The apicomplexan parasite Toxoplasma gondii was discovered a little over 100 years ago, but knowledge of its biological life cycle and its medical importance has grown in the last 40 years. This obligate intracellular parasite was identified early as a pathogen responsible for congenital infection, but its clinical expression and the importance of reactivations of infections in immunocompromised patients were recognized later, in the era of organ transplantation and HIV infection. Recent knowledge of host cell-parasite interactions and of parasite virulence has brought new insights into the comprehension of the pathophysiology of infection. In this review, we focus on epidemiological and diagnostic aspects, putting them in perspective with current knowledge of parasite genotypes. In particular, we provide critical information on diagnostic methods according to the patient's background and discuss the implementation of screening tools for congenital toxoplasmosis according to health policies.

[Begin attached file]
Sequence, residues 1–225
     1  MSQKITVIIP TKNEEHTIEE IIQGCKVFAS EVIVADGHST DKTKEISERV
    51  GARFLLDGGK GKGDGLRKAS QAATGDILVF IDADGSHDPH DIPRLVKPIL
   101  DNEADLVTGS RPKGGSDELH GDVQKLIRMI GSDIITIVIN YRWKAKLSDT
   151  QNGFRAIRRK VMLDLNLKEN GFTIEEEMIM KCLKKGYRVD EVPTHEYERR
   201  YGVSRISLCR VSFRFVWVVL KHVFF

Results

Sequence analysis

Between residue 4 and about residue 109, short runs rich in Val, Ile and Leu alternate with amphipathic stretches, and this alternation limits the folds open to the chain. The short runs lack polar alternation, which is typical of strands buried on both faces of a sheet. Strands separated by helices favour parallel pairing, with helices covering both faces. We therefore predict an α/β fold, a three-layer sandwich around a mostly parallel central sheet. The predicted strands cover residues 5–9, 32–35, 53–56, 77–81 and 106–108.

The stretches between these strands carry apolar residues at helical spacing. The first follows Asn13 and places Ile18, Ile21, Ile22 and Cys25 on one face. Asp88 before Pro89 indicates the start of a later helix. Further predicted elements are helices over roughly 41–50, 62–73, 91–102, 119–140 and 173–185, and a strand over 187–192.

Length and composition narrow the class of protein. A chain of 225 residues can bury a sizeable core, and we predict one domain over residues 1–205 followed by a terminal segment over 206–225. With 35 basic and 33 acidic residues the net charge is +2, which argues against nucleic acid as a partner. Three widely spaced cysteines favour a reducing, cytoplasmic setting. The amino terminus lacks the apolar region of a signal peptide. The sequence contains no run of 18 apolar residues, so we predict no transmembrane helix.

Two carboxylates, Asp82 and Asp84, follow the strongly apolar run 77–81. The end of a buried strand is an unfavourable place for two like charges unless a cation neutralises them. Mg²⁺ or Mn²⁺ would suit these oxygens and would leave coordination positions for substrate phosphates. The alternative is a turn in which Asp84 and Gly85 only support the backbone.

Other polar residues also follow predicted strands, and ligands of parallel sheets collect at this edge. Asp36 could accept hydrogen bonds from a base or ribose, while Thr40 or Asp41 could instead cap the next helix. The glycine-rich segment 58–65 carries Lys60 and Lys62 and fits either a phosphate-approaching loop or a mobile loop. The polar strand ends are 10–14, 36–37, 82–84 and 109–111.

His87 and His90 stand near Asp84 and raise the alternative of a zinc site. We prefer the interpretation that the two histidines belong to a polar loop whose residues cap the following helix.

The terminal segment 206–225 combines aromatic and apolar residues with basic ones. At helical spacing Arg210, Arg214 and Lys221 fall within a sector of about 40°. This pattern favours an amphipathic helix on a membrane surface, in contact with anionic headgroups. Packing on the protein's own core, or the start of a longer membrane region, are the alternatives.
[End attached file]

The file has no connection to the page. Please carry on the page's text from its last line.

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              Management of Toxoplasma gondii infection during pregnancy.

              Acute infection with Toxoplasma gondii during pregnancy and its potentially tragic outcome for the fetus and newborn continue to occur in the United States, as well as worldwide, despite the fact that it can be prevented. The infection can be acquired through ingestion of infected, undercooked meat or contaminated food or water. Transmission to the fetus occurs almost solely in women who acquire their primary infection during gestation and can result in visual and hearing loss, mental and psychomotor retardation, seizures, hematological abnormalities, hepatosplenomegaly, or death. Systematic education and serological screening of pregnant women are the most reliable and currently available strategies for the prevention, diagnosis, and early treatment of the infection in the offspring; this is largely because toxoplasmosis in pregnant women most often goes unrecognized. Treatment of the infection in the fetus and infant during the first year of life has been demonstrated to significantly improve the clinical outcome.